It has always been an either/or proposition: Either you go into charity and give up money, or you go into business and give up meaning. It's mutually exclusive, or so the story goes. Even cutting-edge thinking operates from a binary context: It ties itself in knots trying to figure out how you can have both. But there is actually another, mind-bending, soul-satisfying dimension in which possibilities are endless and the choices aren't mutually exclusive. Access to that dimension, though, is restricted by an unwritten code that conspires to dramatically limit the options we perceive as available to us. It infects us with a tunnel vision that obscures our real passions and potential.
Its false tenets go something like this:
- You make a difference by what you do.
- You make a difference in the future.
- If you want to make a real difference, you work in the nonprofit sector.
- The impact you have is correlated to the financial sacrifice you are willing to make.
- You earn serious money by going into the for-profit sector.
- The for-profit sector consists primarily of banks, oil companies, and greedy, soul-sucking corporations.
- Nonprofit organizations have a duty to be frugal and keep overhead low, because that's what the public wants.
- You cannot change what the public wants.
The REAL laws of money and meaning go like this:
Law #1: You make a difference by who you are being. All of our focus is on the doing. We obsess over the latest models churned out by for-profits and nonprofits alike. The social enterprise classes at Harvard Business School study the things people are doing. When a foundation asks for an impact report, they mean the impact of the doing. It is all backwards. What we should be asking is who people are being. Are you being courageous? Are you being authentic? Honest? Rigorous? Unstoppable? Because that's what really makes a difference. You can run the largest NGO on the planet, and if you're being chicken-shit, then you've squandered the powerful position you've been given. It's who you are being that matters — whatever sector you're in.
Law #2: You make a difference now. "When I get my nonprofit management degree, that's when I can really start making a difference," we say to ourselves. "When I start my new nonprofit..." "When my new nonprofit gets to $10 million..." "When it gets to scale..." The difference we make is always off in the future. Like life. "Boy, when I graduate from college, that's when life will really begin." And then it's, "When I get married..." and on and on. But the future never arrives. Because it's always now. You make a difference by who you are being right now. It is all you will ever have. What difference can you make right now?
Law #3: You can make a difference in any and all sectors. Consider the overwhelming number of transformative innovations that have come from the for-profit sector. iPad apps, which allow, for instance, kids in rural India to learn about the human body in 3-D, dramatically improving their knowledge of anatomy. The refrigerated boxcar developed by Gustavus Swift for his meat-packing company, which coincidentally significantly reduced food-borne illness. Canning, invented by the French chef Nicolas Appert in 1810, which greatly increased the availability of food. The assembly line, which made workers eight times more productive. The automobile itself. None of these seismic transformations in the quality of modern life was accomplished inside a nonprofit tax status. The notion that you can have a real impact on the life of other human beings only in a nonprofit context is a great hallucination.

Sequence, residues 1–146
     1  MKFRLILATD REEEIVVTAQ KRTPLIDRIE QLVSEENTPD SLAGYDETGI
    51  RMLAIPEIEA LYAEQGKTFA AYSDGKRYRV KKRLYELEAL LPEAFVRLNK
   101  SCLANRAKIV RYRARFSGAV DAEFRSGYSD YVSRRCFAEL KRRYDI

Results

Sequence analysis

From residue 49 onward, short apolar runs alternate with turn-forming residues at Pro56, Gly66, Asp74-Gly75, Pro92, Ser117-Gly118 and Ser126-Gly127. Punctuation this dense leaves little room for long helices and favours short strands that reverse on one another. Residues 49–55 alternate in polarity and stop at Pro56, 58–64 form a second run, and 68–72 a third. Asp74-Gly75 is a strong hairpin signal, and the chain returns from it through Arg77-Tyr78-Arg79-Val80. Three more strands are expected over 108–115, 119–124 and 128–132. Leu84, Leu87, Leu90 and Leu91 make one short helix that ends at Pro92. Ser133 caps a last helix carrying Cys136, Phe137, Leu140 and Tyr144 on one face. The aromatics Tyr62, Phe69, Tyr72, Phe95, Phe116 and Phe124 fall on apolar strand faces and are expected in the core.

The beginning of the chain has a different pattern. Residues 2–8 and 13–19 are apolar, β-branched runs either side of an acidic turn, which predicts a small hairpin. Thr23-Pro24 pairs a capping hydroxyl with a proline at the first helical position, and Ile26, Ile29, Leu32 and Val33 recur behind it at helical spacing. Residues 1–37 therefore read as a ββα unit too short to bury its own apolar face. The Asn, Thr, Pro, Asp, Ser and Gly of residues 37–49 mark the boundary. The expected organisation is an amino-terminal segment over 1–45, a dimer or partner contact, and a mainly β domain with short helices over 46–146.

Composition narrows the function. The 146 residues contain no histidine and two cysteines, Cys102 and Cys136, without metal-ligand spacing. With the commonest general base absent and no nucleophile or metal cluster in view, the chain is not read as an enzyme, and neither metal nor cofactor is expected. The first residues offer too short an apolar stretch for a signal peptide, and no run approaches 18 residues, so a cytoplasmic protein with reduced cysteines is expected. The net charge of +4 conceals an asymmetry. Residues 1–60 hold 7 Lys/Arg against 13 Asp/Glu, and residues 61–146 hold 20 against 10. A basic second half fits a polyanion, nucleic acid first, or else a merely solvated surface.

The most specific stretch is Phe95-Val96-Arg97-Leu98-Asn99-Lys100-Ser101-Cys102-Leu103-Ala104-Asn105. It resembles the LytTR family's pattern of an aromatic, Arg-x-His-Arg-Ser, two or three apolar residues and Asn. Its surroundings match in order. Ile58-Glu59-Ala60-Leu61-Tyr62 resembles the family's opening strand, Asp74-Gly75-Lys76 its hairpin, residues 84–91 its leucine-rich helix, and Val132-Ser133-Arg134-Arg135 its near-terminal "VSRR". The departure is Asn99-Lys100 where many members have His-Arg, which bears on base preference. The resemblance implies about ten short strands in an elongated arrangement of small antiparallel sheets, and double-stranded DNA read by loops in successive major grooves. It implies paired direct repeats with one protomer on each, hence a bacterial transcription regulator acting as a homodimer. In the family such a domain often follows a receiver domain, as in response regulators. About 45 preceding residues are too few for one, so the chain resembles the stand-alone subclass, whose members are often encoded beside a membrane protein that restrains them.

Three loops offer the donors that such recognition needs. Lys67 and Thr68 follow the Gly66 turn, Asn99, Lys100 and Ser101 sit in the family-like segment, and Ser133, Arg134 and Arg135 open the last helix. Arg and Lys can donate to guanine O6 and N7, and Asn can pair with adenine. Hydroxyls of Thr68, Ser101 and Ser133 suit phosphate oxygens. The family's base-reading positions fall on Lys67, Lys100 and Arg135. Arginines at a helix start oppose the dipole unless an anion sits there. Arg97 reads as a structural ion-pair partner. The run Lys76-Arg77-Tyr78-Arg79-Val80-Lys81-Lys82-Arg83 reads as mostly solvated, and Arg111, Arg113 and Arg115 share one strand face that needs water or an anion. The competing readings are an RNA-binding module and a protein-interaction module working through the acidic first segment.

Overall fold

Law #4: There is no correlation between personal financial sacrifice and impact. Larry Page's work has made a massive difference in the world — and he is worth a gazillion dollars. Each of us is probably aware of someone who makes tremendous financial sacrifice and whines about it all day long and has zero impact in the world. There is no reliable correlation between the financial sacrifice a person makes and the impact they have in the world.
Law #5: You make serious money by pursuing your dreams. Barack Obama is a wealthy man. Bruce Springsteen is a man whose life's work is about social justice and his net worth is estimated at over $200 million. Jack Dorsey, the founder of Twitter, which is credited with advancing all manner of social movements, is estimated to be worth close to a billion dollars. Each of these people have made a huge difference and a huge amount of money. All by staying true to their dreams.
Law #6: The for-profit sector is a place where dreams come true and the for-profit sector creates value. Even banks make a big difference. Who do we think finances the construction of all of our art museums, hospitals, soup kitchens, and homeless shelters?
Law #7: Nonprofit organizations have a duty to do whatever will fulfill their missions. If you're keeping your overhead low and that's keeping you from making good on your mission, you're violating your fiduciary duty to your donors. Going into the nonprofit sector does not have to be a prison sentence that suffocates your potential. It is an invitation to be brave enough to pursue your dreams--to be a true radical.
Law #8: The public does not always know what's best, and you can dramatically transform what it wants. I just have one thing to say: "Pork, the other white meat." If pork producers can change the way Americans think about pork, we can change the way Americans think about charity.
There, you're free. Go do the thing that really turns you on, whatever the sector. Go be the person you really want to be. Do it now. Your possibilities are endless.